Wednesday, July 30, 2003

I recently got back from vacation, a lovely week in California at my mom's house where I did very little besides lounge about and read light summery books. I traipsed along with Annie Dillard through Pilgrim at Tinker Creek; skimmed halfheartedly through White Apples, Jonathan Carroll's latest; strolled through London with Inspector Wexford in Ruth Rendell's Murder Being Once Done; shivered at the re-released From a Whisper to a Scream, originally published under Charles de Lint's pen name for his darker novels, Samuel M. Key; and thoroughly enjoyed Past the Size of Dreaming, Nina Kiriki Hoffman's sequel to A Red Heart of Memories. But there were two books that were more than summer reading.

Bread Alone, by Judith Ryan Hendricks, is indeed a fluffy beach novel in many ways. It has a simple, predictable story, as well as a plotline that's been done to death--middle-aged woman is cast adrift after her husband ends the marriage, and must find herself while dealing with various other upheavals in her life. However, as I read it I found the plot to be almost incidental and secondary to what was really happening. During the divorce negotations, Wynter Morrison moves to Seattle to live near her best friend and to work in a small local bakery. Baking bread has always been one of her ways to relax, ever since she studied with a famous baker in France, and now she does it for a living, along with the oddly assorted women at the bakery. Reading about the bread-baking process is nearly as soothing and satisfying as actually doing it, and the included recipes only add to the charm. I attended my mother's book club meeting on this book, and while we didn't end up discussing it nearly enough, it was interesting to hear everyone's responses--nearly everyone loved it, for the same reasons I did. It's just a really nice story!

The other noteworthy book is in a completely different category, unsurprisingly. I'd been wanting to read Laura Hillenbrand's bestselling Seabiscuit since it first came out, but somehow never got around to it until the release of the movie. Since I prefer to read the book before seeing the movie, I took along a copy on vacation. The first part was a little hard to get into, since it covered the background and history of the people involved in the story, so after reading that I set it aside for a few days. Finally I returned to it, after having refreshed myself with lighter matter, and once sitting down I didn't get back up again until the last page. What an amazing horse! I've always loved horse stories, especially ones with racing scenes--nothing else can get me on the edge of my seat like a well-told equine struggle to win--and this was exceptional. Many of the descriptions choked me up, which is something that very rarely happens; I couldn't help by get teary over the incredible drive and courage of that funny-looking little horse. I'm still looking forward to the movie, though I am pretty sure how it will be dramatized and Hollywoodized, but there's no way it will compare to the book. Don't be turned off by the fact that it's a horse story--it's written for everyone to enjoy.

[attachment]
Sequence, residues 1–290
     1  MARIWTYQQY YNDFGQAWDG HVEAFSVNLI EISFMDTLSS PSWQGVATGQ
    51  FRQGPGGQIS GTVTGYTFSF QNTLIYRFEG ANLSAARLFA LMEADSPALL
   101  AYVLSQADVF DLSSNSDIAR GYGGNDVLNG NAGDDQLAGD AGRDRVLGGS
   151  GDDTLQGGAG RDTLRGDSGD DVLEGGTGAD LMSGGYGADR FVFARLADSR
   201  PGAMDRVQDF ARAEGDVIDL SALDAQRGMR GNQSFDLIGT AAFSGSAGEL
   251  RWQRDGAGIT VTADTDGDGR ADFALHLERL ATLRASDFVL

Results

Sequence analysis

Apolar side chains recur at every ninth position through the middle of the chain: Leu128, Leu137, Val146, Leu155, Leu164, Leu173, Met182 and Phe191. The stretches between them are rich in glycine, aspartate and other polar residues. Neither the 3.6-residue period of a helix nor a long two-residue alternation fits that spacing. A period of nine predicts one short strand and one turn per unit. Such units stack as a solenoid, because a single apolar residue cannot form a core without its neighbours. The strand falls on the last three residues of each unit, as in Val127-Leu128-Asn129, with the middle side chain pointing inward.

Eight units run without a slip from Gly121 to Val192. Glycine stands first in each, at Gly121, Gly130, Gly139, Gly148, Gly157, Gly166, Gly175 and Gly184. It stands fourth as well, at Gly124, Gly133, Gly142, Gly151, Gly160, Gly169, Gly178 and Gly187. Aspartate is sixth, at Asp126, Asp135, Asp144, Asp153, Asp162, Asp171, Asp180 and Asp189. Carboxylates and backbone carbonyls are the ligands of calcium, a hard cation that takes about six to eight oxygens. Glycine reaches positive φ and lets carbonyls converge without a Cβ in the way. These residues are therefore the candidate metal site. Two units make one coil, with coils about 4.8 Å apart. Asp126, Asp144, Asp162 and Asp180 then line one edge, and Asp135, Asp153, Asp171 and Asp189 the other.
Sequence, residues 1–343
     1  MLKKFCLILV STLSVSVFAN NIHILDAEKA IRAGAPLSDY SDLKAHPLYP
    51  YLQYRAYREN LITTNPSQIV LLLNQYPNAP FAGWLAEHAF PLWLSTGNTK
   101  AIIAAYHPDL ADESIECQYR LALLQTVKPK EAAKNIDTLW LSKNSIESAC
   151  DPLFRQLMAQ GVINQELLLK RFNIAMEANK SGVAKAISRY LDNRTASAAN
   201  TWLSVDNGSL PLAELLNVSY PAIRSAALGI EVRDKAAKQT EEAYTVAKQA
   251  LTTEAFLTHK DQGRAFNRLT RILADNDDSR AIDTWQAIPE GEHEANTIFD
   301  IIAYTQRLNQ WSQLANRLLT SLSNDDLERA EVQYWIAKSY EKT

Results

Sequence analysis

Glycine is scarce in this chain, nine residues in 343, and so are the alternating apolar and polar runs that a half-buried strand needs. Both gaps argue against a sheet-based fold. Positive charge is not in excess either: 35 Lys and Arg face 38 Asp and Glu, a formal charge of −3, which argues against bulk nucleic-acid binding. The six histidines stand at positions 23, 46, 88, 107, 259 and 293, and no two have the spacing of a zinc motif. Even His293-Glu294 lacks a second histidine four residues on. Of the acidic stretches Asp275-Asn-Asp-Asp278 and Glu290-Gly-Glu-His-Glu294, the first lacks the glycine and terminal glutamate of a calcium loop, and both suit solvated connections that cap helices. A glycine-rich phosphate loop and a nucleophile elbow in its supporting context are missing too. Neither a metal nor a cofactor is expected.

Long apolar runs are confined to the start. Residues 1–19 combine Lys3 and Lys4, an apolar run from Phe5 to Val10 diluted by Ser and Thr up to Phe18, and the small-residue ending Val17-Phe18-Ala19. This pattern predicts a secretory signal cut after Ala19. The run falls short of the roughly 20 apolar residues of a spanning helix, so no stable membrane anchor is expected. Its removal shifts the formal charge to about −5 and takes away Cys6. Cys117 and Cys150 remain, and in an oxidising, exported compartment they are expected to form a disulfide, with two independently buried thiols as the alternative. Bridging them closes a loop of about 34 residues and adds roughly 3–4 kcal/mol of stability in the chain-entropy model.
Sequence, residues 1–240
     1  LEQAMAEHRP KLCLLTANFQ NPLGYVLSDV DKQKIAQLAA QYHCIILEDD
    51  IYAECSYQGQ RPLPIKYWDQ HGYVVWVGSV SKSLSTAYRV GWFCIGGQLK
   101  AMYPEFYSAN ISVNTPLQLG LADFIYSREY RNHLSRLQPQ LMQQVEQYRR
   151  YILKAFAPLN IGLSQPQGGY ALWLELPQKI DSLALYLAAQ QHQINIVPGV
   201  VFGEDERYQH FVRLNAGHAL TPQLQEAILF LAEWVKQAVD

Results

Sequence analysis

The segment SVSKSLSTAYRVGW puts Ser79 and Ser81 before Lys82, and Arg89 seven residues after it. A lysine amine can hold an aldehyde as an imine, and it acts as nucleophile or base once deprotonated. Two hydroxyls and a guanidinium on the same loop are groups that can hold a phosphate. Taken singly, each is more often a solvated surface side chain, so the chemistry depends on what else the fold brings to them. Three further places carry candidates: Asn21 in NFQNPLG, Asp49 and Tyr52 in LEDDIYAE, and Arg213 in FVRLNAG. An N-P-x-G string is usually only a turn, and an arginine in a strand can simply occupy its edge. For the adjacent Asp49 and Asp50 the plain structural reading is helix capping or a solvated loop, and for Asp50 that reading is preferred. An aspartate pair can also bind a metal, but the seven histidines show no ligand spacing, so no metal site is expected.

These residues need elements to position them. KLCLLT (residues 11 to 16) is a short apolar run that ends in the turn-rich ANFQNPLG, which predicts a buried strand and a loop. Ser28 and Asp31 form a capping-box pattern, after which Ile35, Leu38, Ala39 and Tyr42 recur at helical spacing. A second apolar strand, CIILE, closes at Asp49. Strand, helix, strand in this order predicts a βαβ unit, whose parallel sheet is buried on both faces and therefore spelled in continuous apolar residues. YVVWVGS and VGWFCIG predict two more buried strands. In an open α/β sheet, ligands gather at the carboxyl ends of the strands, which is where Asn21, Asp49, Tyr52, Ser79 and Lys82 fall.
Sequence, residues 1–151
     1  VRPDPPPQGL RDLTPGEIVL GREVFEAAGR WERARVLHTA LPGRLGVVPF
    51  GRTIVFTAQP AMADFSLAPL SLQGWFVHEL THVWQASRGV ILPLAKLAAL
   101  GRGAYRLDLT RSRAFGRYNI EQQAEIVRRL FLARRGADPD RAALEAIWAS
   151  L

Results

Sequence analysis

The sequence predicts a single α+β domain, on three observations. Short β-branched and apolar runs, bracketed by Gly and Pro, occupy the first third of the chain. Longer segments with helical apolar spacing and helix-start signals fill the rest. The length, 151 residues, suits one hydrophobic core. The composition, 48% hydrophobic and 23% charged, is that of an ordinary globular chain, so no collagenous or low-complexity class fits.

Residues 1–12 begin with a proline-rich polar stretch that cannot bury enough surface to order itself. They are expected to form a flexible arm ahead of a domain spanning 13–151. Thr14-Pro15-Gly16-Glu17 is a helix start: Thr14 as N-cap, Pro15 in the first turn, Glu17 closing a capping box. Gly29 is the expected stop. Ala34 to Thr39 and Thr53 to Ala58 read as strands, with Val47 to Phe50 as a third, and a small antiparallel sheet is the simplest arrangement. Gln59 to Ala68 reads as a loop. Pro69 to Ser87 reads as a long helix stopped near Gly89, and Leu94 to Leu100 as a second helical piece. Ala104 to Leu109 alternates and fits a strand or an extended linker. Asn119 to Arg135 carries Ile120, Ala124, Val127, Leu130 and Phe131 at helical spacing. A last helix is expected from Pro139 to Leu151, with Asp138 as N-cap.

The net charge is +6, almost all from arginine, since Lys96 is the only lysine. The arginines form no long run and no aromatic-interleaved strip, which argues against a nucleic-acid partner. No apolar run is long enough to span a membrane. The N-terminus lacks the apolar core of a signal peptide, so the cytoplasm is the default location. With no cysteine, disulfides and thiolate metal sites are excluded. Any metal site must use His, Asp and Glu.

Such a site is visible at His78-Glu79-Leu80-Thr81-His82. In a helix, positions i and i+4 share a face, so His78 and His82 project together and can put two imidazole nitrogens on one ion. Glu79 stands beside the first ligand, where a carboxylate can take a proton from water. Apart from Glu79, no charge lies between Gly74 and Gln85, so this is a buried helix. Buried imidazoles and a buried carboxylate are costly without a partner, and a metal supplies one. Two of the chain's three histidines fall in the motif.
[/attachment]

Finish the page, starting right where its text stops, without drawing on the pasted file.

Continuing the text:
Saturday, July 12, 2003

It isn't often that I really miss being in school, and even when I do it's more for the social part than for the classes. The community of a college is such a strange and wonderful thing, where spending time with someone doesn't even require a phone call. I always loved the casualness of strolling over to someone's dorm room to hang out, or continuing a conversation after class, or even sitting in companionable silence over another wretched cafeteria lunch; whereas, in the strangeness of this in-between life I lead now, too much planning is required for time with friends, especially if more than one is involved. It's difficult to make friends and get to know people without the commonality of shared classes or dorm life, which frustrates me into thinking that a commune might not be such a bad thing.

Re-reading Pamela Dean's Tam Lin brought all these feelings to the surface (particularly because my first experience with the book was when Odious read it aloud to me during our freshman year in college), but I was surprised to find myself also missing classes and study. I think this was partly because St. John's was so lacking in the fields that particularly interest me; namely, literature and the English language. Janet, the main character in Tam Lin, is an English major, and many of her friends are studying Classics, and in reading of their gallops through poetry and strolls through Shakespeare, I realized how much I've missed out on and how much there is to learn. Unfortunately autodidactic study is difficult and often one-dimensional, but it will have to do until such time that I have money and inclination to return to school.

But this post is not all about the fact that I will be twenty-five in a few weeks and am wondering what I'm doing with my life--I'm also recommending a book! As always, Pamela Dean defies description, but in Tam Lin she has recreated the wonder and exasperation of college life, interspersed with moments of oddness that build up into what is literally a fairy-tale ending. The characters are strange and lovely and just the sort of people you wish you'd known at college, and utterly real and alive in a way only Pamela Dean can manage.